It's The Insecure Writer's Support Group time! We post every first Wednesday of the month. Check us out at the link above and on Facebook!
I've never been one to make New Year's resolutions. I think they're made to be broken and cause disappointment. But I have definite steps to world domination I want to achieve this year:
-Stay the hell off social media. Not forever, mind you, but just....be on it less. I found that it was crowding my brain a bit too much in 2016.
-Maybe finally move this blog onto another platform? I want a more professional look. Maybe. I'll probably change my mind in about five minutes.
-Finish the Victorian novel and get started on the second draft (finishing the second draft would be nice, too, but let's not push it)
-Send "Haunted Lake" to a beta and figure out what to do with it (I'm leaning towards finding a magazine to submit to)
-Draft and finish "The New Bride of Banner's Edge," which is more Regency romance than historical fiction. I've started the first draft and I think it'll be novella length.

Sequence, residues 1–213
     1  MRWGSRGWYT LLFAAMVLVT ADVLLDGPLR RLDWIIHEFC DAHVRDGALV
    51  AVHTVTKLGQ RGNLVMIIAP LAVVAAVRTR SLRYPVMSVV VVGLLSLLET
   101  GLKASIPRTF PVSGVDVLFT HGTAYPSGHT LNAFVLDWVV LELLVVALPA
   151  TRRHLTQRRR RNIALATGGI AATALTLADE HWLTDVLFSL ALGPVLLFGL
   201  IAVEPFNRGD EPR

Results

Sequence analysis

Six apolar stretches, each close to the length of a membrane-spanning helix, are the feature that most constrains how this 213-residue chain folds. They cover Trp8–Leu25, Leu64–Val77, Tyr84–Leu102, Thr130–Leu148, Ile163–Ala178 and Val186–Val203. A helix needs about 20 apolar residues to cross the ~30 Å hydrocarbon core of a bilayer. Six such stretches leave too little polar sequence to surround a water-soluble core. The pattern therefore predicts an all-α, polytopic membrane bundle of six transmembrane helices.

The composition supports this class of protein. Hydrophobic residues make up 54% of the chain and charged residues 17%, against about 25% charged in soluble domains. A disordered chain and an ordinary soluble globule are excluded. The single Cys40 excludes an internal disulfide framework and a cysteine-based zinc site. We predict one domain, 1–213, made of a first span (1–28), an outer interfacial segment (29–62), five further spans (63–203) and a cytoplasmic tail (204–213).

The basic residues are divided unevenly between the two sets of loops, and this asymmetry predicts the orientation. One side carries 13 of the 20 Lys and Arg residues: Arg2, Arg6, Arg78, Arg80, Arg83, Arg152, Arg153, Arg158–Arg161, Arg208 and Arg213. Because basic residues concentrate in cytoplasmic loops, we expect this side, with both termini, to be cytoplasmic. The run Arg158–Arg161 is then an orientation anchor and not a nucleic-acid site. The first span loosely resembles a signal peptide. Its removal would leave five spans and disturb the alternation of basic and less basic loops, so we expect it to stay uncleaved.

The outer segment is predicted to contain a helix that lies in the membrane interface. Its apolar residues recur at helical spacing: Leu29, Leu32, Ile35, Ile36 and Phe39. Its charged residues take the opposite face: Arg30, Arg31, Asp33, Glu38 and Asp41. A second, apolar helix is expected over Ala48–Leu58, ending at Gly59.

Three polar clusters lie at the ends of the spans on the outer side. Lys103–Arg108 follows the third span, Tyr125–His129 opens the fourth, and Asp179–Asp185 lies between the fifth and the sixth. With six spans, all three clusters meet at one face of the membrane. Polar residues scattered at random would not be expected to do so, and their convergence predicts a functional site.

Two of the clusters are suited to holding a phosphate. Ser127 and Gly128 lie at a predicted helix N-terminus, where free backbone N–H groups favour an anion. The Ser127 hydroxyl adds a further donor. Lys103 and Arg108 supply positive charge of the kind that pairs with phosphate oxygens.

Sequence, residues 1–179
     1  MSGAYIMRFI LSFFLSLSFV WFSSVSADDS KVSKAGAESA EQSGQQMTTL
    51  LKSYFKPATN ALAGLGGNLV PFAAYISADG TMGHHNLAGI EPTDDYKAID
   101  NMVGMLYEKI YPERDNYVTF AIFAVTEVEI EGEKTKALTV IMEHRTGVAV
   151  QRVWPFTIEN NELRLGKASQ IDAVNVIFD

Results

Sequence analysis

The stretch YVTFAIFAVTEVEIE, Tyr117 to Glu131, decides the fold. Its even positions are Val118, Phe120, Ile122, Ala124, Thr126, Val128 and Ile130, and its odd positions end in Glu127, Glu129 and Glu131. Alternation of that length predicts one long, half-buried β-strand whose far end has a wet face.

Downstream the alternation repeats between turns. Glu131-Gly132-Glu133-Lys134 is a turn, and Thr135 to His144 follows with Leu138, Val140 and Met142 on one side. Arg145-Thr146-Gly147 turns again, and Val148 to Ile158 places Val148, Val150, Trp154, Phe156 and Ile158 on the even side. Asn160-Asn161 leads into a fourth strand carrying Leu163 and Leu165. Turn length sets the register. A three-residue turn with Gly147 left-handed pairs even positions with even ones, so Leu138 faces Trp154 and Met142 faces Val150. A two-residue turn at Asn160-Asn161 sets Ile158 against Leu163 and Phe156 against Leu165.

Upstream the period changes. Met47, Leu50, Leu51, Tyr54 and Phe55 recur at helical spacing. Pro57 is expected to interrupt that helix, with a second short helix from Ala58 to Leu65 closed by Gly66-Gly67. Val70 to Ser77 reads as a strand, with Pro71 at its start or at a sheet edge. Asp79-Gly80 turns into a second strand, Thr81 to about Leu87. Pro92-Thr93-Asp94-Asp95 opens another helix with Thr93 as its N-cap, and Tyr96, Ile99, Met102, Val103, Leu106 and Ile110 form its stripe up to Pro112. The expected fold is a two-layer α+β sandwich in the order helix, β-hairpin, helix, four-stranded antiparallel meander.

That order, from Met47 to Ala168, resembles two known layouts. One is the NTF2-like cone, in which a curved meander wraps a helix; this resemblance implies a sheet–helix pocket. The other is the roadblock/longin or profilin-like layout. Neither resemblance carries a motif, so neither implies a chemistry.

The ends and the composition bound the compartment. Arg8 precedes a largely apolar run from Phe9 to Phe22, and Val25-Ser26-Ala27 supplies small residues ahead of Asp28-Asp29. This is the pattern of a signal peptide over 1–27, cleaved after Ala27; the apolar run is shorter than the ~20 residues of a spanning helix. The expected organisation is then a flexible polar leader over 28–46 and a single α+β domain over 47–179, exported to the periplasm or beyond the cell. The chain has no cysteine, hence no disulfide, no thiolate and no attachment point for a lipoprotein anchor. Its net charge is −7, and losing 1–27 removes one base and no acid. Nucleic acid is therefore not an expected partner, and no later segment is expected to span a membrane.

-Get back into the research I had done for Pearl and draft her brother Julius's story.
-Interspersed with other things as time and attention allow
As for the IWSG January question:
Erm...sometimes all of them?
I've heard and read a lot of ridiculous writing rules over the years, but I can't think of anthing specific as the one absolute one I wish I'd never heard. Once you hear something, you can't un-hear it, but it's fairly easy to tune it out when you're in the thick of writing.
Like, for example, in 2016, I wrote a 150 page long fanfiction--I wasn't worried about much beyond writing witty dialogue, shaping the characters (which was easy when you're directly writing other peoples' personalities down), and making sure it was coherent but fun because I was only sharing it with my two best friends. They've been forced to read my writing for nigh on fifteen years now. And I had a blast writing that one.
The one short story I finished during NaNo 2016, "Haunted Lake" is pretty outside of my usual writing grooves: it's short, it has limited characters, it's set in the present and the eighteenth century, and it's horror. There are ghosts and creepiness. I had a ton of fun writing it.
So I think I need to shed that college writing course skin of "write things that are more literary" and just write whatever the hell excites me.